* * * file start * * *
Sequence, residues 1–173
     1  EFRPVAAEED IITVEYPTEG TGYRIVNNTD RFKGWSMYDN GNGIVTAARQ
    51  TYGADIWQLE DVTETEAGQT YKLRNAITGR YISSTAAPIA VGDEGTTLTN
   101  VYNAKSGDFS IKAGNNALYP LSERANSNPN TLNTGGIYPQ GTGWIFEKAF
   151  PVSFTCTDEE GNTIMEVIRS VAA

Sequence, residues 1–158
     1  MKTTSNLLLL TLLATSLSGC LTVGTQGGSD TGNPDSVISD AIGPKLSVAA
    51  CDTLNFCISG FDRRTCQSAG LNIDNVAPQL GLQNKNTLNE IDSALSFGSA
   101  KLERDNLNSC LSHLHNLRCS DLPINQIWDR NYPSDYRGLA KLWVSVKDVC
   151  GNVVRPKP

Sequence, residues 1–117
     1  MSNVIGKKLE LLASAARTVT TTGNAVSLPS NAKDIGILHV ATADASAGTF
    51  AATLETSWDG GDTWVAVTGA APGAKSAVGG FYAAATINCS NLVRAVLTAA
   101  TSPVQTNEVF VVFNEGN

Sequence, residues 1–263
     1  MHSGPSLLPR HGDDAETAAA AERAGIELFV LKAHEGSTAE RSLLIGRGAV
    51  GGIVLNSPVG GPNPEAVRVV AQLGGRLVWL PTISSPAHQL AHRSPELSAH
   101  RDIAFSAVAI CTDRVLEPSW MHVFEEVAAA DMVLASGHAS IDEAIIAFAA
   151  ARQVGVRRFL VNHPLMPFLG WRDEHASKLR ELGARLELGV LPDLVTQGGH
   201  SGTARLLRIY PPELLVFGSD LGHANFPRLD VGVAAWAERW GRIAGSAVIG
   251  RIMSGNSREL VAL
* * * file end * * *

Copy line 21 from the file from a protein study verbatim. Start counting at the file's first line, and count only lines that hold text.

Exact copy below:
   251  RIMSGNSREL VAL